One of the exciting changes in my work over the past few years has been the wide range of new question types that are available in online tests. There are so many more ways for students to interact with assessments and new ways for them to demonstrate their skills and knowledge.
Despite this, there is still a big place for the humble multiple-choice question. They’ve not always had the best reputation and they are often perceived as being only suitable for testing shallow concepts and as being prone to guessing. However, a well-constructed multiple-choice question has a lot of power and subtlety and can be a very effective way of surveying what students know and can do.
What is the secret of a good multiple-choice question? It all comes down to the options. The options consist of one correct response which we call the ‘key’, and a number of incorrect responses that we call ‘distractors’. At a basic level, the job of the distractors is to hide the key but if that is all they do then you can end up with a test question that genuinely is shallow and prone to guessing. Back when I was a maths teacher (a long time ago now) I’d see multiple-choice questions that were written with distractors that were three numbers similar in size to the key. This is sometimes characterised as one-below, one-above and one-very close. This approach is very inadequate for several reasons! The most obvious problem is that it encourages students to guess that the answer is somewhere in the middle of the range of numbers!
A more sophisticated method of distractor choice is to consider the likely errors students will make. Not only does this provide meaningful distractors, it is also a useful way to consider the quality of the item in general. Identifying the common errors involves a degree of guess work but can be made less subjective by examining the performance of similar items in previous tests. A knowledge of the skills and knowledge of the test population is also helpful.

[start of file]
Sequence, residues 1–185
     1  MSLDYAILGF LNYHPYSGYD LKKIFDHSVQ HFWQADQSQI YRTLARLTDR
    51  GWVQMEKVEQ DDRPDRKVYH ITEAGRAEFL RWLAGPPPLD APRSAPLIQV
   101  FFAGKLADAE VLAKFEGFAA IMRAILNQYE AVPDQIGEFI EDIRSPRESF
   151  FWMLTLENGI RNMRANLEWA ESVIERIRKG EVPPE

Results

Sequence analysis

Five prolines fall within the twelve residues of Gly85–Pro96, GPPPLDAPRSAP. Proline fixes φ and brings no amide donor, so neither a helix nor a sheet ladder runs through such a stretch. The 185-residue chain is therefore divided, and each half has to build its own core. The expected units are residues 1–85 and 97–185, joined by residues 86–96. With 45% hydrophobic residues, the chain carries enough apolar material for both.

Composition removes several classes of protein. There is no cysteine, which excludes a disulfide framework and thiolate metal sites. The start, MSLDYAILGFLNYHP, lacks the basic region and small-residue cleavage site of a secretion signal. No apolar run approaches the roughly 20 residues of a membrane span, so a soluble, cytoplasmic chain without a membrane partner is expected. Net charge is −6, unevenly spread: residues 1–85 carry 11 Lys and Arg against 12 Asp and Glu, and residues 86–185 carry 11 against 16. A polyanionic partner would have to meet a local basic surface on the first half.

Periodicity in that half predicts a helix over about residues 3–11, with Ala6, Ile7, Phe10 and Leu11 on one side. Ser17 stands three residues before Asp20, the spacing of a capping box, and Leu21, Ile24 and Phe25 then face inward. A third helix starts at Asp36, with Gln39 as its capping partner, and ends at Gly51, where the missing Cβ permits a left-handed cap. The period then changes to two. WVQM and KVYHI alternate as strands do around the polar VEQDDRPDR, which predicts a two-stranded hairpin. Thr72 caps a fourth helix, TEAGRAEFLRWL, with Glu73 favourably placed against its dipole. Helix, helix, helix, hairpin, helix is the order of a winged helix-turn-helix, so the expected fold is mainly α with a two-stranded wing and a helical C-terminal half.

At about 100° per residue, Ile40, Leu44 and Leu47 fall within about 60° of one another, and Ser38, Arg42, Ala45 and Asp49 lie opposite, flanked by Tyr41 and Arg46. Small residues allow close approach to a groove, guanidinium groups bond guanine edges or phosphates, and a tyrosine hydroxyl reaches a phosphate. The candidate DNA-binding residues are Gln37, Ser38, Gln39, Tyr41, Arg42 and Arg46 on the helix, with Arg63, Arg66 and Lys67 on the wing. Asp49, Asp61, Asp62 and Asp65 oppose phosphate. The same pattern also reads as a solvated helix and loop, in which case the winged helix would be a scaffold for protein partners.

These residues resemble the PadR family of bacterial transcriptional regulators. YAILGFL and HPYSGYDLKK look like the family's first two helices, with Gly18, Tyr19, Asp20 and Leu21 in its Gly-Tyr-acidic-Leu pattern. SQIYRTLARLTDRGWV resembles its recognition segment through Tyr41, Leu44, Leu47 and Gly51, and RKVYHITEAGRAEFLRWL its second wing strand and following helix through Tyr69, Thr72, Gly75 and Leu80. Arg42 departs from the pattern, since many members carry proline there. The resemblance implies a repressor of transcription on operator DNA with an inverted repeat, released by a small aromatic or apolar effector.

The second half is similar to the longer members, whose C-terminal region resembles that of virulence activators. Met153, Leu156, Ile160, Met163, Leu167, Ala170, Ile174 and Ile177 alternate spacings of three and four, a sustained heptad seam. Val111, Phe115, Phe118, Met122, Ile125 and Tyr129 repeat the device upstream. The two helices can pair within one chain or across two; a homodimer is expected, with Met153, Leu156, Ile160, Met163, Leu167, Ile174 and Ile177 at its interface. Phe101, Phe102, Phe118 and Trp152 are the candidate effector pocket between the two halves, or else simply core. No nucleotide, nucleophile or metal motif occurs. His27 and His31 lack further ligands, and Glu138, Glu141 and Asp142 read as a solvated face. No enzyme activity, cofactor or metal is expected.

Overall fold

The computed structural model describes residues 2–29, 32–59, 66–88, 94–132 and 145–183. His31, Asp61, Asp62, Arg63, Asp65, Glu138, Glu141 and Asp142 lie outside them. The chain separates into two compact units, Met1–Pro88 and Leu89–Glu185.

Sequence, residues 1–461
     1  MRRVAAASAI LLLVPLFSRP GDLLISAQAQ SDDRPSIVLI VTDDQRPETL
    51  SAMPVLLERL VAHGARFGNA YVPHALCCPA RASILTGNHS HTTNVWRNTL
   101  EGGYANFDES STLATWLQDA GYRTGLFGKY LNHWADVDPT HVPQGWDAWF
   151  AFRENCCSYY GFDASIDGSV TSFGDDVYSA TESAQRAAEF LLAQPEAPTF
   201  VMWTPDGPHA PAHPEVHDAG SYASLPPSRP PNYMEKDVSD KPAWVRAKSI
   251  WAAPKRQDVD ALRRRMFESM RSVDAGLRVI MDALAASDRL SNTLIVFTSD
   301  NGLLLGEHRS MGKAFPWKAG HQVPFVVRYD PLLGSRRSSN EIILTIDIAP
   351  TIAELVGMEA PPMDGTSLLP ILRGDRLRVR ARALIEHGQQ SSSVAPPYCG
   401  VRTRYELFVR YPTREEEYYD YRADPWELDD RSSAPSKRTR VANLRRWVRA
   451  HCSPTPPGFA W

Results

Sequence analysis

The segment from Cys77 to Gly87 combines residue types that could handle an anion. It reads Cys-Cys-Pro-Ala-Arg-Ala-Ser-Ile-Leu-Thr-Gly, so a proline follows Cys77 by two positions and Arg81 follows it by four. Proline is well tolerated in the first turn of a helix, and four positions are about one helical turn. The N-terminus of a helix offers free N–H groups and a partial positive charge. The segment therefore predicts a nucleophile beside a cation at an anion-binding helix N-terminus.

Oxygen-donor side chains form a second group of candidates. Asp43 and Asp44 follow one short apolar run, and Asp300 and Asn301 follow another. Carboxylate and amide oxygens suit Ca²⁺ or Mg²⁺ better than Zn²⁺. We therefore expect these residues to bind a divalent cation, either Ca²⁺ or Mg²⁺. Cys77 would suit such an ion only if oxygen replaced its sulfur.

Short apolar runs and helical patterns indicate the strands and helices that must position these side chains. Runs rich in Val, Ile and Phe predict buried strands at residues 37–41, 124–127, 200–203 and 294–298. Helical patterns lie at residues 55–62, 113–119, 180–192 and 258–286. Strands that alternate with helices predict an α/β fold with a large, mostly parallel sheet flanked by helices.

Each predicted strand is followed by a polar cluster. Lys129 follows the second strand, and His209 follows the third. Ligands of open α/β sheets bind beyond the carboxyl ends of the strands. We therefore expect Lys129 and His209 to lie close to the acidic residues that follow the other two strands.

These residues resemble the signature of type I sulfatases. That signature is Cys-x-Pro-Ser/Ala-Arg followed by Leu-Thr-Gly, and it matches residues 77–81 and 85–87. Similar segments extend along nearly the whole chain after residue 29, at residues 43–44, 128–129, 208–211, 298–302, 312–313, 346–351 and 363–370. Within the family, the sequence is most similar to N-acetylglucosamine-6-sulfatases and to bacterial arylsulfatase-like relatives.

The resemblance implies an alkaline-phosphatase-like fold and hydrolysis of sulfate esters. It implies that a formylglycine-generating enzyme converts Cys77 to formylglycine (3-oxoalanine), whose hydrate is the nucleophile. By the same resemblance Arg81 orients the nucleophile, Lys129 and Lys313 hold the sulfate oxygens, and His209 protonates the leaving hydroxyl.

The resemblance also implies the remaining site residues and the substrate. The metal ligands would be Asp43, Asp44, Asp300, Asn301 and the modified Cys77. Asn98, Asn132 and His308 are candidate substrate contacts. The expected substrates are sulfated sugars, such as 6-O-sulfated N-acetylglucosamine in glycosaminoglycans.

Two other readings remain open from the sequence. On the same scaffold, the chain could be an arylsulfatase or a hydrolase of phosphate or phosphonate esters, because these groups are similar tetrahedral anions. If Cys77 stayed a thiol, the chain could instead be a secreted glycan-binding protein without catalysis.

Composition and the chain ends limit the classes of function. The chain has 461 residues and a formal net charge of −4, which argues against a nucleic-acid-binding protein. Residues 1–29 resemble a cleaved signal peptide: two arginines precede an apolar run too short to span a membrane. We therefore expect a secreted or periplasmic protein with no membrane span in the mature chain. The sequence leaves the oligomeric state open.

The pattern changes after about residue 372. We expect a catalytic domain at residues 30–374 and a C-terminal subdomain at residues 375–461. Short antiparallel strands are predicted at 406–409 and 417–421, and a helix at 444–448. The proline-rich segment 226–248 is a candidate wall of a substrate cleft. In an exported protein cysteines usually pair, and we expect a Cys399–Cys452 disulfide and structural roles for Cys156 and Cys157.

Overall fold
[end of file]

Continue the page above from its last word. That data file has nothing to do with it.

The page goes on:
One approach to identifying common errors in a maths question is too look at the steps needed to find the key. For example, the addition 27 + 26 requires the student to add several digits together whilst being aware of place value. The most common error would be to treat 7 + 6 as 3 rather than 13. If students were asked this problem as a free-response question, the most common incorrect answer would be 43. As we need three plausible distractors, the task in the item has to have enough complexity to generate three errors. The addition 27 + 26 would be inadequate for most audiences. More complex problems may generate so many plausible errors that selecting the best three can be difficult.
Using likely errors for distractors also provides rich information. Each distractor is essentially a code for a specific mistake. That makes it easier to see what kind of errors a large number of students are making. This is a very powerful feature of multiple-choice question and yet it is often overlooked. Few other forms of assessment so neatly enable a teacher to see the kinds of mistakes groups of students are making.
So while I definitely enjoy the bigger range of choices we now have for creating assessments, I still have a place for the humble and oft-maligned multiple-choice question.